Keywords: Cognitive performance, Cognitive reserve, Motivation, Perceived capacity

Although aging is traditionally associated with cognitive decline, the rate and extent of this decline differs greatly between individuals. These differences have been linked to cognitive reserve (CR): “the ability to optimize or maxi- mize performance through differential recruitment of brain networks, which perhaps reflect the use of alternate cogni- tive strategies” (Stern, 2002, p. 451). Cognitive reserve is built up across the life span through education, occupation, and leisure activities. For example, intellectually engaging activities (Hultsch, Hertzog, Small, & Dixon, 1999) and a

variety of social and physical activities (Hertzog, Kramer, Wilson, & Lindenberger, 2008) are known to be protective factors against cognitive decline. More broadly, positive associations have been found between numerous types of cognitive performance and markers of CR, such as activi- ties, early education, and type of occupation (Opdebeeck, Martyr, & Clare, 2016). In addition, higher levels of CR are associated with a lower risk of dementia (Valenzuela

& Sachdev, 2005). Different mechanisms are proposed to explain the CR–performance link, such as neural or cite as: J Gerontol B Psychol Sci Soc Sci, 2018, Vol. XX, No. XX, 1–7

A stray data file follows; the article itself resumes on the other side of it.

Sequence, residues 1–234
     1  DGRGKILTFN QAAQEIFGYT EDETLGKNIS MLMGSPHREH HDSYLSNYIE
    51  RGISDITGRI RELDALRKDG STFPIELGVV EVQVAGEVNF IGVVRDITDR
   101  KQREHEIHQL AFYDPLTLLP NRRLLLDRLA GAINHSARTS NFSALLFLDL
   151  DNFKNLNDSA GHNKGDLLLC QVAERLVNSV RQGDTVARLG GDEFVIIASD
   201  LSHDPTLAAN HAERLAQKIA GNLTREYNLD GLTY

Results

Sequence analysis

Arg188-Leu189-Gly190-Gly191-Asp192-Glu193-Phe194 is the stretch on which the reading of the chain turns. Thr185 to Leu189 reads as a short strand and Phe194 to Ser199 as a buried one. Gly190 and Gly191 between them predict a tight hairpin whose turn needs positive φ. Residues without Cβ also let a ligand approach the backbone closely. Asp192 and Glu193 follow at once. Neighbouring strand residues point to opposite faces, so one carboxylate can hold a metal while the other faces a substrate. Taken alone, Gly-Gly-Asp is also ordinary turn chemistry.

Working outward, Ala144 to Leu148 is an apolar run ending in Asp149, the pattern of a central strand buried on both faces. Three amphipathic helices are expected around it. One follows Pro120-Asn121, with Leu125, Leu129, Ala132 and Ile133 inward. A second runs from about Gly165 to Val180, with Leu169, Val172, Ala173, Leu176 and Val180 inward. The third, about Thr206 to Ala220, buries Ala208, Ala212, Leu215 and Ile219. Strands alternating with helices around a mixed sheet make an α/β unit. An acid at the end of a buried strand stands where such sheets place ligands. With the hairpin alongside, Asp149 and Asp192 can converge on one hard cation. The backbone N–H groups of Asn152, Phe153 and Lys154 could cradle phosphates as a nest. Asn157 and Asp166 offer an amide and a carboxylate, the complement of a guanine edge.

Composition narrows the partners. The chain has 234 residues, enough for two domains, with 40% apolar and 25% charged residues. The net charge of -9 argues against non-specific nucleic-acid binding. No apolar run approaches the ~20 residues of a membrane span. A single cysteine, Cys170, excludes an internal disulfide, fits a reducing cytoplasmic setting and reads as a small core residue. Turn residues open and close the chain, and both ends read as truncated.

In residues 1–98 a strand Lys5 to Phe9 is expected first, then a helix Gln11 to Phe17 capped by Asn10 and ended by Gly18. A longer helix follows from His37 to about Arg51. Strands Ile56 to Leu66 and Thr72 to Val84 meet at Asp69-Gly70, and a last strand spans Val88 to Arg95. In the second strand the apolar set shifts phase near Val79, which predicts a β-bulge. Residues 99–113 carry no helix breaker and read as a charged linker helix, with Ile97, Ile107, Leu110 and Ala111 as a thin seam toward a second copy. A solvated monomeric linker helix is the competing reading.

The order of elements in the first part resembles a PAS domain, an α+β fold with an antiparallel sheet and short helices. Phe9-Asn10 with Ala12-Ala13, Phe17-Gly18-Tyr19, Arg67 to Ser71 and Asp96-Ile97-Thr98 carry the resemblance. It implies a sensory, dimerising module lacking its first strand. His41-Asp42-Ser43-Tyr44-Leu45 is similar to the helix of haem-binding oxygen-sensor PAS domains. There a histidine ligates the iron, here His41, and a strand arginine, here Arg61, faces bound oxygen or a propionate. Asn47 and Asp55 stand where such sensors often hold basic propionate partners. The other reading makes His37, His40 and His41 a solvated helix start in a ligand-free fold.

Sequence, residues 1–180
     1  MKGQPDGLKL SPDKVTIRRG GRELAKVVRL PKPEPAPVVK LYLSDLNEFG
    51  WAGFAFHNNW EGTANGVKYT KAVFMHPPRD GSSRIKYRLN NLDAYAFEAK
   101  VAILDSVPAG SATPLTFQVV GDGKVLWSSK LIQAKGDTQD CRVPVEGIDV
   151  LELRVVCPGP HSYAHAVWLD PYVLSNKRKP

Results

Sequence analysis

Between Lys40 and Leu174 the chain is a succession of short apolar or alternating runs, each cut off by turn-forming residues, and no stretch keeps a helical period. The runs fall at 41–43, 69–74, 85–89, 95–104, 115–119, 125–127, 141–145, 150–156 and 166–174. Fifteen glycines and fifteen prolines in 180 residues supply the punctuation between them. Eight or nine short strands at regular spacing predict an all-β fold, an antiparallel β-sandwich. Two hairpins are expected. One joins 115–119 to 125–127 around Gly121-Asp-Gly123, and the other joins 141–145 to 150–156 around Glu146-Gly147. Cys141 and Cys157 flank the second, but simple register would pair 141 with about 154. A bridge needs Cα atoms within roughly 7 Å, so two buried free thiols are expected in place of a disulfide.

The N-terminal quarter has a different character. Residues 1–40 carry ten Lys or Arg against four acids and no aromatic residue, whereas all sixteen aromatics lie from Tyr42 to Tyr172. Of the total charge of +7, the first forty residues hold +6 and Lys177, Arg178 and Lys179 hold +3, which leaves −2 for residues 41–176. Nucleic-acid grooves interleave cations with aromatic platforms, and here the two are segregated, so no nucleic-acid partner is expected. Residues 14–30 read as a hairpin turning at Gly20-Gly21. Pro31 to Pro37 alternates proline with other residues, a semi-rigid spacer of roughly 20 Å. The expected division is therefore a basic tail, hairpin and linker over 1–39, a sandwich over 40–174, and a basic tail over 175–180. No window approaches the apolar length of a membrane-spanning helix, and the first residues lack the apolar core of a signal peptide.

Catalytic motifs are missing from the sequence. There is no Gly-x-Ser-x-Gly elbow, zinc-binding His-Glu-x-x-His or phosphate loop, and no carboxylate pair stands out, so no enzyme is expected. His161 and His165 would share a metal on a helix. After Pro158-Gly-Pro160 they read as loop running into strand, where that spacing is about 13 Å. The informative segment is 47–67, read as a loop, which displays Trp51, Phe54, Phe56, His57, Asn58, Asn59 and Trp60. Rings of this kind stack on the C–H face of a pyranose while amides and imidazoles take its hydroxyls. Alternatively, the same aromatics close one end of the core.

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cognitive compensation processes (Stern, 2002, 2009).

Higher CR is hypothesized to involve an efficient use of brain networks and the shift to alternative brain networks when individuals encounter difficulties.

A more recent and complementary explanation focuses on motivational reserve: “the driving forces or processes that lead to this more efficient or flexible use of brain net- works” (Maercker & Forstmeier, 2011, p. 175). Being con- fronted with cognitively demanding situations during the life span, especially through occupations involving goal orientation and action planning, may give people higher motivational abilities (i.e., perseverance, decision regula- tion, activation regulation), associated with a more efficient compensation of age-related decline. First empirical studies have shown that motivational abilities, derived from the type of occupation, have an impact on older adults’ cog- nitive status and on the risk of developing mild cognitive impairment (Forstmeier & Maercker, 2008). Moreover, from a sociocognitive perspective, regardless of the intel- lectual abilities built up across the life span, individual differences in the motivation toward cognitive activities have been shown to play a role in compensating for cog- nitive decline (Hess, 2005). However, the specific motiva- tional constructs that are shaped across the life span and that may mediate the CR–performance relationship have not yet been clearly identified. The present study set out to address this gap.